Syntace Sual-chamber Tyre System

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  • Syntace Sual-chamber Tyre System
  • Premier Icon timmys
    Subscriber

    Pretty easy DIY fix i’d say

    If you’re saying you can bodge this system yourself; how are you going to run 50-80psi in the inner tube without it filing the entire tyre?

    If i was to ride my tyres that low i’d be burping them all the time – would the wee little blue tube inside stop me burping??

    That’s the idea – the blue tube locks the beads in the rim.

    Another engineering solution for a problem we didn’t know we had?

    Probably.

    Premier Icon beefy
    Subscriber

    If you’re saying you can bodge this system yourself; how are you going to run 50-80psi in the inner tube without it filing the entire tyre?

    20″ tube? would that still expand to fill the space? I like the idea to stop burps…mmm…there is some experimenting to be done.

    Premier Icon richen987
    Subscriber

    feature on Pinkbike about Schwalbes system which was developed with Syntace

    http://www.pinkbike.com/news/schwalbe-announces-details-about-dual-chamber-tire-system-2014.html

    PJM1974
    Member

    A 20″ tyre would expand to fill the space, so the tube would have to be semi-rigid…

    …while I’m at it, what is the point? I’ve never run tubeless any lower than 20psi and thus have never burped a tyre.

    Premier Icon Northwind
    Subscriber

    boltonjon – Member

    Another engineering solution for a problem we didn’t know we had?

    No, imo- it’s not fixing a problem, it’s just adding a new option.

    I think mostly, it’s not for us tbh… But if you’re racing and you’ve had a puncture recently, it probably looks a lot more interesting. It’s basically double bagging it.

    The whole super low pressure thing, I’m not sure about, maybe it needs a tyre designed with that in mind but a low pressure standard tyre usually feels grim.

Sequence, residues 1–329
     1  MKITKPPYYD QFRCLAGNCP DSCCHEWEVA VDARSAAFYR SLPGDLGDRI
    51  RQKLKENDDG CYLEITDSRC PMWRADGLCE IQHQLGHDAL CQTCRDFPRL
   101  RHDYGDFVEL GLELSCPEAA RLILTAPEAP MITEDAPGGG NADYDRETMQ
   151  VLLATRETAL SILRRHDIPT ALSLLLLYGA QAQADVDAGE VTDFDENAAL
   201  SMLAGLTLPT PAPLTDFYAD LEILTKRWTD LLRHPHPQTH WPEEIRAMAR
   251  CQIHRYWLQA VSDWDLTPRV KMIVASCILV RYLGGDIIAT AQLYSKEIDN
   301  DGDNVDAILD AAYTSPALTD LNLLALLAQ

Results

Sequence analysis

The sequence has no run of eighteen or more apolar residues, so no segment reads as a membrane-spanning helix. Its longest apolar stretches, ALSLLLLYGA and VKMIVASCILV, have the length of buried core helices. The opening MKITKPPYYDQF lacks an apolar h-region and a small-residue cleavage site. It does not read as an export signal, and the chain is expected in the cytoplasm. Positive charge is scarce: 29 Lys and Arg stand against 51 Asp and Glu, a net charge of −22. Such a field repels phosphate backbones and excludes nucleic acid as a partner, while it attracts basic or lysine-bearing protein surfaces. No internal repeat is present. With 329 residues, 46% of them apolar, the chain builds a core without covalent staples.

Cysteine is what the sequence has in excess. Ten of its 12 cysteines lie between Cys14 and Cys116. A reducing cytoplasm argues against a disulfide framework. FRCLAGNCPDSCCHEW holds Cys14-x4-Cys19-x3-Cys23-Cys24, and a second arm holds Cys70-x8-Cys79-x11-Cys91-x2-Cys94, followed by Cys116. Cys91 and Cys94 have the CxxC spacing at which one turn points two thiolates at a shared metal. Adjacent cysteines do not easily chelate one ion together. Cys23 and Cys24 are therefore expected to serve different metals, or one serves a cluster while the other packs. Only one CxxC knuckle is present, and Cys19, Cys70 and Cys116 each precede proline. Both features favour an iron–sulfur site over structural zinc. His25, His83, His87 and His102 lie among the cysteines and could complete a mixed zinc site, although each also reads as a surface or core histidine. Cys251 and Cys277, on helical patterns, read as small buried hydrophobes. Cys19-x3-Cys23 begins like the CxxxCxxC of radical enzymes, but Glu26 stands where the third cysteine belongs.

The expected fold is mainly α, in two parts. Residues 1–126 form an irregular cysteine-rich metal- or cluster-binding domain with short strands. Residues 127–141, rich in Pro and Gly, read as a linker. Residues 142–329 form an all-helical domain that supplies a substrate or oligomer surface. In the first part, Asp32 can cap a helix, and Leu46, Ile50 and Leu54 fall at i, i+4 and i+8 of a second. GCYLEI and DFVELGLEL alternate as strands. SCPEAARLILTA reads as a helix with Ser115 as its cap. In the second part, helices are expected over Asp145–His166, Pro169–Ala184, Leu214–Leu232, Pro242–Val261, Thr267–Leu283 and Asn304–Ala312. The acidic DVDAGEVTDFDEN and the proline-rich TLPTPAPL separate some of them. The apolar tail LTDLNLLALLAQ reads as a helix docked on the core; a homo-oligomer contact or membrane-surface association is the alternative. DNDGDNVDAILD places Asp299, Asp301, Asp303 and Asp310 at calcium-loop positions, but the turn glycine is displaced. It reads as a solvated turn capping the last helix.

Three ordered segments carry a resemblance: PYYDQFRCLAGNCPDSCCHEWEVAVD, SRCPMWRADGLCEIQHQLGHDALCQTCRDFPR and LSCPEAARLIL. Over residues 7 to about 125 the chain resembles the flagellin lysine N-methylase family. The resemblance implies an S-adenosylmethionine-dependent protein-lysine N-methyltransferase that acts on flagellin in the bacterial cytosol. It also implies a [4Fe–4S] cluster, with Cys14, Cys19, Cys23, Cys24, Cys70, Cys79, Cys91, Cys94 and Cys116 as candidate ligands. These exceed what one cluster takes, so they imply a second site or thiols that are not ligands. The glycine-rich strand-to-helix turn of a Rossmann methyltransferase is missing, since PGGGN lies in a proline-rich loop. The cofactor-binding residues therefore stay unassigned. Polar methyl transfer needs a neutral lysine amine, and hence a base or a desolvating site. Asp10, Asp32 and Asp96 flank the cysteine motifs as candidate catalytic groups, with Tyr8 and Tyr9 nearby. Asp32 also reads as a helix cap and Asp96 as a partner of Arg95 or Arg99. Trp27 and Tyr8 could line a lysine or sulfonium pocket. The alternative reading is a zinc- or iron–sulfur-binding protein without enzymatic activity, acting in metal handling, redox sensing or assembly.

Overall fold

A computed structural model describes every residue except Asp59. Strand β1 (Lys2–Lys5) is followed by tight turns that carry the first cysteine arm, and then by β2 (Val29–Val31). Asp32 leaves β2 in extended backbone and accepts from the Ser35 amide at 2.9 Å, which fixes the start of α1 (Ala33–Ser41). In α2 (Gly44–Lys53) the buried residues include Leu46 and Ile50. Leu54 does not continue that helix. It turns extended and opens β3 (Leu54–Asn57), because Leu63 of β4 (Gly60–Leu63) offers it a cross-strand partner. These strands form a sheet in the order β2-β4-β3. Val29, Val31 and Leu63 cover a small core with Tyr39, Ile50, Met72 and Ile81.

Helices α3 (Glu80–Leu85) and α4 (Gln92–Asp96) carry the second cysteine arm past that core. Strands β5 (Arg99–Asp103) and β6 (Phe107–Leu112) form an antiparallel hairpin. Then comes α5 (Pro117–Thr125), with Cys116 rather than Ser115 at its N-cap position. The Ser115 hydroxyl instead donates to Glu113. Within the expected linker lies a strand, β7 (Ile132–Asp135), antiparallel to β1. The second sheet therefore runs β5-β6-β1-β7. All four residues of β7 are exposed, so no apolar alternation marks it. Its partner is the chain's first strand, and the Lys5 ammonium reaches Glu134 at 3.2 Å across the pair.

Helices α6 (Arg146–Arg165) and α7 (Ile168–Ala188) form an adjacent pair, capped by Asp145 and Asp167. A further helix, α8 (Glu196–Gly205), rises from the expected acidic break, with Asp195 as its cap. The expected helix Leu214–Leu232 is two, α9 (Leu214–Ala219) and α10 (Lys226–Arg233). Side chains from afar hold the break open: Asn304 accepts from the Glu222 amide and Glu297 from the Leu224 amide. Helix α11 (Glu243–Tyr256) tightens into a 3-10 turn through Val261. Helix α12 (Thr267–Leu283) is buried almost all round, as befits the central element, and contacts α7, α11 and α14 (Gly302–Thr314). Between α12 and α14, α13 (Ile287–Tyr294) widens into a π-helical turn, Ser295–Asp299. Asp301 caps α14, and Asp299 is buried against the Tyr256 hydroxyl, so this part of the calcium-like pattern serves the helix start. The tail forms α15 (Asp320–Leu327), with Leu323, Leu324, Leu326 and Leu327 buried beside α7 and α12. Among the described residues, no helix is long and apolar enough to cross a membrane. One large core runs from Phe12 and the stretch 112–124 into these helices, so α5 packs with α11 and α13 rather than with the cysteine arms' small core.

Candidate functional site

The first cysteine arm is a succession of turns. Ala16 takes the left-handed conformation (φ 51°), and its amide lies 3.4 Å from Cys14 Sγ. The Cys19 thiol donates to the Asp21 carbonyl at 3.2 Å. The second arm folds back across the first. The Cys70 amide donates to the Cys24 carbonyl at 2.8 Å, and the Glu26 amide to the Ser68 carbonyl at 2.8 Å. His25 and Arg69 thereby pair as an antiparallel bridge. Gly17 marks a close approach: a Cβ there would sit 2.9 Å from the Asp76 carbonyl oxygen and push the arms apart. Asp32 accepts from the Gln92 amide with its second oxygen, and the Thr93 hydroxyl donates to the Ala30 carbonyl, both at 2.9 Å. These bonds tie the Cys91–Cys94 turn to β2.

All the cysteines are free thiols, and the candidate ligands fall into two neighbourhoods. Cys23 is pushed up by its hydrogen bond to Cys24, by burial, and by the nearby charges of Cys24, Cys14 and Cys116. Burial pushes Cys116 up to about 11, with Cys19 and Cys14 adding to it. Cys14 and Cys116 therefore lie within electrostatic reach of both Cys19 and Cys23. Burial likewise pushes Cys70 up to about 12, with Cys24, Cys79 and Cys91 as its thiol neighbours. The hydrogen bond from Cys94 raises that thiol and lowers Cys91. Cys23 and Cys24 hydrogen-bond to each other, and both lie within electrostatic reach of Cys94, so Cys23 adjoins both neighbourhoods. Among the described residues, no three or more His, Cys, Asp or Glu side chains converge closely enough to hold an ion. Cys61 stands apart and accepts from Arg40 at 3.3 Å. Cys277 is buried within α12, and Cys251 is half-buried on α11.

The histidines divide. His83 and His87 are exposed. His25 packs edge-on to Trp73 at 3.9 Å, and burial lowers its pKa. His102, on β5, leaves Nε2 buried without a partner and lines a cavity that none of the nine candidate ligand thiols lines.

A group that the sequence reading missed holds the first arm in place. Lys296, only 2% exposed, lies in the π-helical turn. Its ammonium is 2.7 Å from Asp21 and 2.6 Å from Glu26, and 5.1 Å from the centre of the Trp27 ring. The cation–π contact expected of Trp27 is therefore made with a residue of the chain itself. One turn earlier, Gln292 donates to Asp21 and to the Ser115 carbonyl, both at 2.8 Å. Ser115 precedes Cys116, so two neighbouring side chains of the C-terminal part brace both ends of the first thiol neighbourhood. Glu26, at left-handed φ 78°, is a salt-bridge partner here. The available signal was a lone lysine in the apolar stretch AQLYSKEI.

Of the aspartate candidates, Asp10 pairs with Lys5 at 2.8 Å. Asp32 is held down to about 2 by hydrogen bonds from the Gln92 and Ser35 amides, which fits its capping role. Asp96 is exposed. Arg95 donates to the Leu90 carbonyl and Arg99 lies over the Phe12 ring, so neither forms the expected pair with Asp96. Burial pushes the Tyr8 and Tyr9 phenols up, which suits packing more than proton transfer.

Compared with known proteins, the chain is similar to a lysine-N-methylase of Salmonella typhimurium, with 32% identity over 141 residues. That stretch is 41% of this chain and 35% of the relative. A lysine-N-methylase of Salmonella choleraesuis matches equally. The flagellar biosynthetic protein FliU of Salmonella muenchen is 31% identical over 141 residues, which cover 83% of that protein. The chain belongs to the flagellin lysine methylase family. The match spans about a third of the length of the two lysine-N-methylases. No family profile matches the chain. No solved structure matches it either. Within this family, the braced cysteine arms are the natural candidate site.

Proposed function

goodgrief
    Member

    It’s a definite problem, wide rims allow low pressure (sub 20psi) and it feels great until you pinch the tyre and have to attempt a trail-side repair.
    Reading an article yesterday revealed the core will be usable on any rim with >23mm internal width and a second valve hole so fingers crossed it doesn’t cost the earth, I’ll be getting on this asap.

    Premier Icon njee20
    Subscriber

    It seems to be being pointed at the more gravity based styles of riding, I won’t say it’s enduro, but y’know… I think it’s quite an elegant solution if you want more grip.

    boltonjon
    Member

    So, a little inner tube inside your tubeless tyre….

    Pretty easy DIY fix i’d say – however, where is the advantage over a standard tubeless apart from being able to run down to 13psi

    If i was to ride my tyres that low i’d be burping them all the time – would the wee little blue tube inside stop me burping??

    Another engineering solution for a problem we didn’t know we had?

    wrecker
    Member

    Rumoured to be ~150 euro/tyre…..
    I’d want some kind of warantee for that.

    The inner bead-lock tube is basically a 26″ (or whatever the fashionable wheel size of the moment is) tubular tyre without any tread, hence the ability to run it at high pressure. Probably already possible to bodge such a setup on a 29er…

    packer
    Member

    Another engineering solution for a problem we didn’t know we had?

    I would say pinch flats were definitely a problem most people know about.

    Premier Icon AlexSimon
    Subscriber

    I’d say this was more a solution to tubeless ‘burping’ than to pinch punctures.
    It’s basically a way to lock the tyre beads into the rim.

    As I mentioned on the article though – didn’t their test rider Nico Lau have a race-ruining puncture on this system at the last EWS.
    I guess tyre fragility is still exactly the same as it is with current tubeless systems.

    Premier Icon Northwind
    Subscriber

    AlexSimon – Member